“Trees with adequate room to accommodate their vigour will settle down to regular cropping without huge manipulation.”
densities if you are not going to crop them as soon as possible to start getting a return on the extra capital outlay required for planting trees at high density?
Some years ago, I ran regression analysis on young tree yields against tree development expressed as percentage increase in trunk cross sectional area using data presented by Dr John Palmer at fruit grower seminars. I cannot remember the exact R² result of this analysis, except that it was well under 0.1, so crop load had a very minor effect on tree growth. Crop load is therefore, not the main cause of poor young tree performance. The notion that you should not crop young trees because it will inhibit their development is obviously fiction.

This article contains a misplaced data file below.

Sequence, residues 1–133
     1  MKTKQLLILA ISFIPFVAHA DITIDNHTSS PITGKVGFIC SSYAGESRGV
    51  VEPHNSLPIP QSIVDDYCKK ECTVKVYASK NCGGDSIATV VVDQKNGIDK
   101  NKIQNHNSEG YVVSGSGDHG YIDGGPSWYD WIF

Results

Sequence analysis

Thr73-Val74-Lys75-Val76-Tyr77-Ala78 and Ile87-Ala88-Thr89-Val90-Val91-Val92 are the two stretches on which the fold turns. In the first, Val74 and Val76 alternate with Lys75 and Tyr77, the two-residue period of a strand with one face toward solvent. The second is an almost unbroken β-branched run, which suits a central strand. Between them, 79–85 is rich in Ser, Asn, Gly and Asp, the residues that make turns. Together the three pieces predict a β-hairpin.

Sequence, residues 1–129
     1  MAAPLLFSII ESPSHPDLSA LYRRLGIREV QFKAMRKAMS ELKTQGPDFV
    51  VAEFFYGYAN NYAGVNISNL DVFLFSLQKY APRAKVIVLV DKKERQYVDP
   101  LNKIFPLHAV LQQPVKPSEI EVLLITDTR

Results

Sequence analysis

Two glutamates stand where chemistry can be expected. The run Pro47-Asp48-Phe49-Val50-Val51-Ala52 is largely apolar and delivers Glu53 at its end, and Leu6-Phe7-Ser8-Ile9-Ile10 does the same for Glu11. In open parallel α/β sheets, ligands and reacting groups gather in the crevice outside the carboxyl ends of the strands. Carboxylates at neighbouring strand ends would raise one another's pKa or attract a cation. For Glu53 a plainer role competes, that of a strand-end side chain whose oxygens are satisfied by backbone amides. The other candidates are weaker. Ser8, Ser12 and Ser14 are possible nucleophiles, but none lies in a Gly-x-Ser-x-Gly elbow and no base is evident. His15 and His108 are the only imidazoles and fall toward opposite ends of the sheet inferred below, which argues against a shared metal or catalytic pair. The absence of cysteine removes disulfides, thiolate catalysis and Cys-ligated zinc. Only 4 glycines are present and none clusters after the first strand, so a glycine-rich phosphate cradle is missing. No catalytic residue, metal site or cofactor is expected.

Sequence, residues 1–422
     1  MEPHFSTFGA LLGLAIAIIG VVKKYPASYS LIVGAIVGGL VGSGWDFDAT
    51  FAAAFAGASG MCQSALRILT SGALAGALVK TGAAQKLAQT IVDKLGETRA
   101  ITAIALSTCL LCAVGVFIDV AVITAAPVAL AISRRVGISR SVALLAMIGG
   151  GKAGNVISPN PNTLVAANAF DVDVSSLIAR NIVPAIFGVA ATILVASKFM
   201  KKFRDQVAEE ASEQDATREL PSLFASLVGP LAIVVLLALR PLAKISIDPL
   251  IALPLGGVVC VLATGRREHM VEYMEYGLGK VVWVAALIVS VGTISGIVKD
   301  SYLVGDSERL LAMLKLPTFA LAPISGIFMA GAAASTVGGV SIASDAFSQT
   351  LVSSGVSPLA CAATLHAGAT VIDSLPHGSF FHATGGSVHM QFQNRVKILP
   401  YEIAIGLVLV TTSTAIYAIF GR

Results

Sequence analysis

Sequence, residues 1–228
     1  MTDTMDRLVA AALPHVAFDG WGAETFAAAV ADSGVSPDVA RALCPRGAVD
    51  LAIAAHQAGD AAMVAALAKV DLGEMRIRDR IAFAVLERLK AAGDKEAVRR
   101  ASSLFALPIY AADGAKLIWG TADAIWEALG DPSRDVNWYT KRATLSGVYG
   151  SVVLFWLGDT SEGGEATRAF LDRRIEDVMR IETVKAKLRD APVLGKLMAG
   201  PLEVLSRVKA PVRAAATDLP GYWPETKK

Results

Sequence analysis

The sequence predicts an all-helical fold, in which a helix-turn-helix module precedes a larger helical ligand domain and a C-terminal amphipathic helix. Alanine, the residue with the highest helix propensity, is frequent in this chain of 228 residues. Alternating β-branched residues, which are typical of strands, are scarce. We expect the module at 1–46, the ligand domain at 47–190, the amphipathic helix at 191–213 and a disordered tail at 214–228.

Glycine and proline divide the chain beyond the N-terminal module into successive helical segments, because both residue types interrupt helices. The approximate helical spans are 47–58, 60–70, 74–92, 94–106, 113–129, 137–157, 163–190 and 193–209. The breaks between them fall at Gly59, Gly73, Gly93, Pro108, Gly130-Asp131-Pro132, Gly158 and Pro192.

As well as crop load, there are many factors that limit young tree growth. These include the three W’s; water, weeds and wind, inhospitable soils for root development, excessive blossom levels and too many growing points caused by insufficient pruning out of laterals along the leader, as well as laterals bunched together and choking the leader. We have found that the tree is quite capable of carrying the crop that remains on a young tree after a heavy hit with an aggressive postblossom thinner and at the densities we plant at today make satisfactory canopy development with that crop level.